GE's Full Lineup of HomeKit-Enabled Window Air Conditioners Now Available in the U.S.

After a soft launch of just one model earlier this spring, GE today announced the launch of its full lineup of HomeKit-enabled window air conditioning units. While there are a few other HomeKit air conditioners on the market outside of the United States, the new units represent the first HomeKit-compatible air conditioners to launch in the U.S.


GE's air conditioners deliver 8,000 to 12,000 BTUs and can cool medium- to large-sized rooms, according to the company. With HomeKit control, customers can add the units into the Home app on iOS, connecting them to Scenes, controlling them with Siri, or automating them to activate and deactivate when they arrive and leave their home.
“Consumers told us they like how they can create their own schedules to keep rooms comfortable without wasting energy,” said John Desmarais, Commercial Director, Window A/C, Portables & Dehumidifiers for GE Appliances.

“Many people also found peace of mind in having control of the unit anywhere they have internet access. We’re pleased to offer the very first air conditioners with HomeKit integration, bringing simple and secure control through the Apple Home app and using Siri. We are confident owners will find the convenience at the tip of their fingers.”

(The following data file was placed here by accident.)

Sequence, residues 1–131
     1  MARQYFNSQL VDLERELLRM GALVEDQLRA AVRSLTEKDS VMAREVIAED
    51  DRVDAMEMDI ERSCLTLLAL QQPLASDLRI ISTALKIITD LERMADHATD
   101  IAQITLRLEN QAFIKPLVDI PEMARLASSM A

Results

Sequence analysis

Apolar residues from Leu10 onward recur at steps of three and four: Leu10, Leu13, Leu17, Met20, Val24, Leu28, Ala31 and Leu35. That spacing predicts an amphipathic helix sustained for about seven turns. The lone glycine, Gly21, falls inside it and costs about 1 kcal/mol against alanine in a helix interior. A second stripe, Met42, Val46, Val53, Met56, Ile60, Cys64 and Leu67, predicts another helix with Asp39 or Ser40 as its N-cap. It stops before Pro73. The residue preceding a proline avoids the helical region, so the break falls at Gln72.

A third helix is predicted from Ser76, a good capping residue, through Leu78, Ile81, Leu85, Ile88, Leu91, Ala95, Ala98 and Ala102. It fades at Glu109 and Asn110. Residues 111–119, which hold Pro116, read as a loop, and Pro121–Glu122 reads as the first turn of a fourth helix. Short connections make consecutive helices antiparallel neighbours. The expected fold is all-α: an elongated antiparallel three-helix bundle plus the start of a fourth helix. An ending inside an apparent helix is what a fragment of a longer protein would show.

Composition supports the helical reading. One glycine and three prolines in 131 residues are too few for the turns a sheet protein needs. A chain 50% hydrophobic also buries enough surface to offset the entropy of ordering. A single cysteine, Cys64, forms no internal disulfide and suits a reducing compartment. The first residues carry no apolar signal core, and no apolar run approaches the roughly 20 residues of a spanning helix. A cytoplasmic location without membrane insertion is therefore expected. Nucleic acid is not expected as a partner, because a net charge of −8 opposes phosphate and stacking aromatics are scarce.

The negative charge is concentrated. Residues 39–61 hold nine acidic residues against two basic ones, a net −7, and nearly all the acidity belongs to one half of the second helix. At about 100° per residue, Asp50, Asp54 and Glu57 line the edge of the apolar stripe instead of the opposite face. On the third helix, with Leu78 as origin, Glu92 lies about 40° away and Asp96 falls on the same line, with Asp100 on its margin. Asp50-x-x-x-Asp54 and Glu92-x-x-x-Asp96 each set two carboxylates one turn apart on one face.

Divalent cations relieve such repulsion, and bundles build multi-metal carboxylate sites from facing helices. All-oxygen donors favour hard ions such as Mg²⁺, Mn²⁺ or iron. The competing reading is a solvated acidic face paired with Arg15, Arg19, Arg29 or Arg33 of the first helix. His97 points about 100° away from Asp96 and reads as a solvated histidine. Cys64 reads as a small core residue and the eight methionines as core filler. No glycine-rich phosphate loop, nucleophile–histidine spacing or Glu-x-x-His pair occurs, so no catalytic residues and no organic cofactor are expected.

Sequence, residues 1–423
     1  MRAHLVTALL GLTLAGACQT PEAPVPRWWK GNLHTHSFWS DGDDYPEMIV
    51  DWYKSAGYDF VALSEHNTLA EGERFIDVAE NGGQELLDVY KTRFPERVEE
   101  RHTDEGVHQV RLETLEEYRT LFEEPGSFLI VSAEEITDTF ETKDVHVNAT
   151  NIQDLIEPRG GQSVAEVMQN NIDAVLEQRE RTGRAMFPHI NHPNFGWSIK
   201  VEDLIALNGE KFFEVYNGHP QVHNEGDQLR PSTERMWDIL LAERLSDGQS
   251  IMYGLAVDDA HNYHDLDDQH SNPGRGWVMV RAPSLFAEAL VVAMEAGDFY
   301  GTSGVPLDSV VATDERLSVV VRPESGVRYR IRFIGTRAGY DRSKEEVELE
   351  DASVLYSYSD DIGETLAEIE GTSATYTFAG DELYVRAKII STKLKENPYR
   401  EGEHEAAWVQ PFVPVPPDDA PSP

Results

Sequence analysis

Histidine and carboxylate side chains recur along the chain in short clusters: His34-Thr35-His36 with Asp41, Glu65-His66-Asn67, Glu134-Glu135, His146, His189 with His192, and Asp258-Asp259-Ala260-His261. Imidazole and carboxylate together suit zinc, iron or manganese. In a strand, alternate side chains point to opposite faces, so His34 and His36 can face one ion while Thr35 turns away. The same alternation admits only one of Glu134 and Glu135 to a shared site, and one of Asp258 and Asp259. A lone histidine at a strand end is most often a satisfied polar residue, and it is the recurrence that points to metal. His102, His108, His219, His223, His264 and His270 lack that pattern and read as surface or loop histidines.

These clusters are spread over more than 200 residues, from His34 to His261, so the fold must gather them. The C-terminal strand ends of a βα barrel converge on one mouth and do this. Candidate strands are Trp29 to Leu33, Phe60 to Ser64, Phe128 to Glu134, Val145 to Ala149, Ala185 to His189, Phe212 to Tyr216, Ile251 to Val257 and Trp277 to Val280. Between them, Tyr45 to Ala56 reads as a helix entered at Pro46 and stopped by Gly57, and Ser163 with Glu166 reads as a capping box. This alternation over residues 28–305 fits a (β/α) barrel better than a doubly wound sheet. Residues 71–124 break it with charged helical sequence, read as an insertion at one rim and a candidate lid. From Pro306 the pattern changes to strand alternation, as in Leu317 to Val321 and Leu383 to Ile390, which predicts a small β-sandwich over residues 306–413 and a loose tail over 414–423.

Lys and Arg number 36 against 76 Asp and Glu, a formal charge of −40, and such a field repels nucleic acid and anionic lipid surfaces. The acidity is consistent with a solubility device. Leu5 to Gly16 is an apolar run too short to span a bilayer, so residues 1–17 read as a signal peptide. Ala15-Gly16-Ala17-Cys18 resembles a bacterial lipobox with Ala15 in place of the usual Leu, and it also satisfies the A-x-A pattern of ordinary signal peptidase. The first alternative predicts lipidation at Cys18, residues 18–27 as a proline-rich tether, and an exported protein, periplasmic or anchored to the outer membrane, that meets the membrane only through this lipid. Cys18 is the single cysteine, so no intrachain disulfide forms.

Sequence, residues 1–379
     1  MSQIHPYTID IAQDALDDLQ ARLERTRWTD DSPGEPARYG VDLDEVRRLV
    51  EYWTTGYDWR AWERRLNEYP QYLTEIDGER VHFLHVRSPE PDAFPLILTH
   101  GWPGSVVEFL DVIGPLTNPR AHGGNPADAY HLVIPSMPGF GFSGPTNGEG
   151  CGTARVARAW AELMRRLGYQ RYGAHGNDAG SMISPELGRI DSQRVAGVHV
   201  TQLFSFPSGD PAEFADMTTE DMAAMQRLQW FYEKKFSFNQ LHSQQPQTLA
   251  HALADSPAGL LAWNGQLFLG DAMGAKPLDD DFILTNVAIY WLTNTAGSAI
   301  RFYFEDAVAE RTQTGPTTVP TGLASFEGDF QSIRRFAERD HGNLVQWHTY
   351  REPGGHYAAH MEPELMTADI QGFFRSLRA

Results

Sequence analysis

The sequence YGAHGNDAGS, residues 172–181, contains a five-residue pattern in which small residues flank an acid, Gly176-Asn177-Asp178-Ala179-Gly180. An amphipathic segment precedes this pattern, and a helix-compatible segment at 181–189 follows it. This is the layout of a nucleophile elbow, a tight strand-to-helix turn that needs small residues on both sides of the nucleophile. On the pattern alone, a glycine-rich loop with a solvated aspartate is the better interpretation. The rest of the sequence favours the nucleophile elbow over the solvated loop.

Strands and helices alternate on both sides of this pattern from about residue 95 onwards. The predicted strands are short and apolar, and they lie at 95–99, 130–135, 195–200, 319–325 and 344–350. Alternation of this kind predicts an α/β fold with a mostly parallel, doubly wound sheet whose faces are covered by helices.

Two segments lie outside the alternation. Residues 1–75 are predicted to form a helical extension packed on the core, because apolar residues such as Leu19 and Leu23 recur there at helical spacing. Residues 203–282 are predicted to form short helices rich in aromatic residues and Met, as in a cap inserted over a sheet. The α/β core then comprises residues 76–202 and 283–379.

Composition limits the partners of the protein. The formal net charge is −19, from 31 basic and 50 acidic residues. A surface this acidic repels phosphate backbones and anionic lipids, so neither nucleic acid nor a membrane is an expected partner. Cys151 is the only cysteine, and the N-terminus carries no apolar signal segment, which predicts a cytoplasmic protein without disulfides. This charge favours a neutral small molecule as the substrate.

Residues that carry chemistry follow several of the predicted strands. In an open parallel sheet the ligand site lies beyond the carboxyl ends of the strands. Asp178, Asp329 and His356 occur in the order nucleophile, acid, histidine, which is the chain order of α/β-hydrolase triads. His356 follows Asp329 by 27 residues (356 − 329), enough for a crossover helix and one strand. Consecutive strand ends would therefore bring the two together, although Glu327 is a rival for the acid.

Each unit has cooling settings for four-way air direction and an "Energy Saver" mode that automatically shuts off the fan and compressor when the room is cool enough, reducing electricity consumption and helping to save money on monthly bills. Although HomeKit control is supported, GE's air conditioners also come with an electronic digital thermostat and remote control.

Starting today, the units are available at The Home Depot (which has three models) and Lowe's (which has two models), and at local authorized GE Appliance dealers. Prices on the units vary depending on the amount of BTUs, starting around $279 (8,000 BTUs) and increasing to $349 (10,000 BTUs) and more.



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13 months ago

Noria is better and sleeker